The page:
Why Integrity in Accounting is Essential
When engineers and architects design a building or a bridge, the components must hold together as an integral whole to support the weight of the structure. If the foundation lacks structural integrity, the whole thing may collapse or become unusable, like the Leaning Tower of Pisa.
I think of accounting as the foundation of business. Like a building with a weak foundation, a lack of integrity in accounting can cause the entire business to fall in like a house of cards. And, similar to the collapse of a building, that crash can destroy the lives of innocent people, who just happened to be in the wrong place at the wrong time.
That’s precisely what happened when Enron imploded in 2002 and 4,500 employees lost their jobs. Another 24,000 lost up to $1 billion from their retirement plans. That massive collapse happened because “the smartest guys in the room created the illusion of a prosperous company” for their own personal gain. Enron’s problems even spilled over to its auditing firm, Arthur Andersen. The downfall of that venerable accounting firm tainted the reputations of thousands of accountants who had nothing to do with Enron, but were working for the wrong firm at the wrong time.
What does integrity mean?
The Business Dictionary defines integrity as:
- Strict adherence to a moral code, reflected in transparent honesty and complete harmony in what one things, says, and does.
- State of a system where it is performing its intended functions without being degraded or impaired by changes or disruptions in its internal or external environments.
Integrity isn’t just following the rules, but acting in a way that’s wholly consistent with the intent of those rules. Integrity means openly and honestly aligning your conduct with the foundation of an internal code of ethics. It also means being willing to admit defeat or failure when things don’t work out. It means being candid and coming clean when you make a mistake.
What is the difference between objectivity and integrity?
Objectivity means freedom from bias, judgment, or prejudice. It means making decisions based on the facts at hand, and not on one’s preferences or opinions. Integrity includes all of that, but it goes deeper than just being free from conflicts of interest. Someone with integrity also adheres steadfastly to a central code of ethics.
What is the importance of integrity in accounting?
Accounting is the foundation that business owners, executives, investors, and other stakeholders depend on to make decisions. If that foundation lacks integrity, that can spell disaster. That’s what happened recently with German payments processor, Wirecard, who apparently fabricated about $2 billion in assets. In late 2019, Wirecard had a plan to take over Deutsche Bank. Seven months later, they filed for insolvency when the fraud came to light.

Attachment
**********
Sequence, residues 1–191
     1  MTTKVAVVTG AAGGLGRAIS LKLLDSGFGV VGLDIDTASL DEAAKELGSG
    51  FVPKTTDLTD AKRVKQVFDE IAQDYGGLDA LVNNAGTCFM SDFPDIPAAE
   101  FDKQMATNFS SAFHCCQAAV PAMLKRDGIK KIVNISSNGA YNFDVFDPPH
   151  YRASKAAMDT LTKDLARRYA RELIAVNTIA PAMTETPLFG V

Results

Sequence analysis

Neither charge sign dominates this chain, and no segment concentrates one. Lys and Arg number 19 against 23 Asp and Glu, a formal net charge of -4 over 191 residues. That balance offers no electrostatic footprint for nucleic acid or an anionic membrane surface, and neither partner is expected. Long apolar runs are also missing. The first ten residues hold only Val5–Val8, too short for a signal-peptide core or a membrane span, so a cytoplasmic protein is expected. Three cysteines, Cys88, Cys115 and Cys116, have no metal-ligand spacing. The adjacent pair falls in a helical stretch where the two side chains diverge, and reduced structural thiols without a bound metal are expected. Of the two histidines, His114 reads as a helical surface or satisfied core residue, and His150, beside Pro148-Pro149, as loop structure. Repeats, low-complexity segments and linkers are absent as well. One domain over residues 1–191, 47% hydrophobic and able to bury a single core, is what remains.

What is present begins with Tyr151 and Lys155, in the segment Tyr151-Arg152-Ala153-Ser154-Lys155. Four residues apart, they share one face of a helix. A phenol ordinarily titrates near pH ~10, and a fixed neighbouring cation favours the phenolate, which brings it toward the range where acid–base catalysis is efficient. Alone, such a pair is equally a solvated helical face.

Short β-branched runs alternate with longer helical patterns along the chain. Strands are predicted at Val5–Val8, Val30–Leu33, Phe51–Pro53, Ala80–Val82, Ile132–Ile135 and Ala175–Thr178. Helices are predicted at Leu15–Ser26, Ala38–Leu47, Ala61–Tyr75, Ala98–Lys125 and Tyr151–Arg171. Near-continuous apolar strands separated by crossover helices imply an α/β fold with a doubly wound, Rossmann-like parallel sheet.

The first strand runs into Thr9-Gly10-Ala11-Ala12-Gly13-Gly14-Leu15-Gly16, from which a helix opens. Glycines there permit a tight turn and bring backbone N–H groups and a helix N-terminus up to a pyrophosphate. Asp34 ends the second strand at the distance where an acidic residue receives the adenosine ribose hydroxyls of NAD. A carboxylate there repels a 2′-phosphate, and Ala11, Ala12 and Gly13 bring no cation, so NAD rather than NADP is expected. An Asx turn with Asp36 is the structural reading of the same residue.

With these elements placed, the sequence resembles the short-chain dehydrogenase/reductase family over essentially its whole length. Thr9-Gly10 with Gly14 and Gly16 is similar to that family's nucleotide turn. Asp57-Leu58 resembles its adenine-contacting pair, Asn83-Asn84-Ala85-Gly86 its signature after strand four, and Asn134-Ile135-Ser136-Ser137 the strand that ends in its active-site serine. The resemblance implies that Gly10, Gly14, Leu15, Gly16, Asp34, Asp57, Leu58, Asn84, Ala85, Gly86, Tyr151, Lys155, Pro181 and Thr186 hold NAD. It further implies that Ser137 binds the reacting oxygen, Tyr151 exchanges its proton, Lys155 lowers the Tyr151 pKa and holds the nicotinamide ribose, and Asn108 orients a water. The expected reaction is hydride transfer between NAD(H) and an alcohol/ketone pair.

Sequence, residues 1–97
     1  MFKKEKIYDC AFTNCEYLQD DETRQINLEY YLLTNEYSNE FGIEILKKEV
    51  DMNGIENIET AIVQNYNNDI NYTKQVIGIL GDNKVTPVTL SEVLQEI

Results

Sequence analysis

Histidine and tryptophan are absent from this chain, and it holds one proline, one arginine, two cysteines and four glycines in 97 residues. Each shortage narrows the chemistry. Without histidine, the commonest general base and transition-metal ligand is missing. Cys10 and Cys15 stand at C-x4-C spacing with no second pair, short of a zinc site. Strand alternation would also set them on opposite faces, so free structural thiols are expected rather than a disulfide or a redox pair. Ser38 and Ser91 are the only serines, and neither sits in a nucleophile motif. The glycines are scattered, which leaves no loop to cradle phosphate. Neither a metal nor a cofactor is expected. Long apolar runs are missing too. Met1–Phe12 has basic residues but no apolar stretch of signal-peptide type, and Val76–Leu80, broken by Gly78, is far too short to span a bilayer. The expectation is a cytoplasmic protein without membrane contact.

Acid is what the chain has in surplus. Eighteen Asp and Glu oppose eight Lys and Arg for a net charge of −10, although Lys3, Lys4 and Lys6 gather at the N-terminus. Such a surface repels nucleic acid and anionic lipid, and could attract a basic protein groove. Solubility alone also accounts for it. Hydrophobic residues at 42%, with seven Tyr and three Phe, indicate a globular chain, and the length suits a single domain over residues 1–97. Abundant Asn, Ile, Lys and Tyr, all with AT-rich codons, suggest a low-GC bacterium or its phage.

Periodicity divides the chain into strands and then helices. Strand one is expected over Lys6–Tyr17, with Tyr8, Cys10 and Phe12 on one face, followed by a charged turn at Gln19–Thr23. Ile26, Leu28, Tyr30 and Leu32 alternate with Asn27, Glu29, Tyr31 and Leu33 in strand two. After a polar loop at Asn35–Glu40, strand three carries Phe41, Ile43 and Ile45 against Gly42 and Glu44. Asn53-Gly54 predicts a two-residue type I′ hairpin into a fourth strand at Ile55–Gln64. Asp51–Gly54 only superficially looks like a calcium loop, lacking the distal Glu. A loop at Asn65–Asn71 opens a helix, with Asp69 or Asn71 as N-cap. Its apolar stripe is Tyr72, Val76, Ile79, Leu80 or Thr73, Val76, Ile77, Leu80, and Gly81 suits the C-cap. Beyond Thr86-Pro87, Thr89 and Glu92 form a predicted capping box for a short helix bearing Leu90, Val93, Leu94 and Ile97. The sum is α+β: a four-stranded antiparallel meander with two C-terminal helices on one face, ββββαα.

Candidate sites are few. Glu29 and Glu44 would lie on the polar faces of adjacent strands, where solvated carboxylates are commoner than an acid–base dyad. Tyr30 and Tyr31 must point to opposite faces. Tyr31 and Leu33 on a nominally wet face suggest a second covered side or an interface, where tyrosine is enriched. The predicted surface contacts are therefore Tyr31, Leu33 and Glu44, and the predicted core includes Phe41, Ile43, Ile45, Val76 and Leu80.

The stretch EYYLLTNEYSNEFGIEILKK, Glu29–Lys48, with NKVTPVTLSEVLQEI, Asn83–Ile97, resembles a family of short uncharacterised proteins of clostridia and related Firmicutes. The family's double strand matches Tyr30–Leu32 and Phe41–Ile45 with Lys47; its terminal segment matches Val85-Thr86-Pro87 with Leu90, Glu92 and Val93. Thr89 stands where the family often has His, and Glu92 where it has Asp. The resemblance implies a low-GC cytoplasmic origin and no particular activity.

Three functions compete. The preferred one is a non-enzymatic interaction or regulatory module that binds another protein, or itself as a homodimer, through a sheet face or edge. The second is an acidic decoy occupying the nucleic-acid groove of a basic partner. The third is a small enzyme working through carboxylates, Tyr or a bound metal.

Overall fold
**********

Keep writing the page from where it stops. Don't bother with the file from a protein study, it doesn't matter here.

Like most providers of professional services, accountants have standards that govern their practice. The code of professional conduct for the American Institute of Certified Public Accountants (AICPA) says integrity “is the quality from which the public trust derives and the benchmark against which a member must ultimately test all decisions.” That code of ethics also reminds certified public accountants that the public relies “on the objectivity and integrity of members to maintain the orderly functioning of commerce.”
CPAs who audit public companies must additionally follow standards from the Public Companies Accounting Oversight Board (PCAOB), which also include rules on integrity and objectivity.These codes of conduct and rules are in addition to the accounting standards we have to follow.
Integrity is what the public expects from the accounting profession to keep the engine of commerce running smoothly. Like air, accounting ethics are most noticeable when absent.
Integrity is also essential for building strong accounting firms and accounting teams. The best and brightest will take their talent elsewhere if they can’t trust team members to be accountable and to act from a foundation of integrity. Some may leave public accounting altogether if they encounter a toxic work environment that lacks integrity.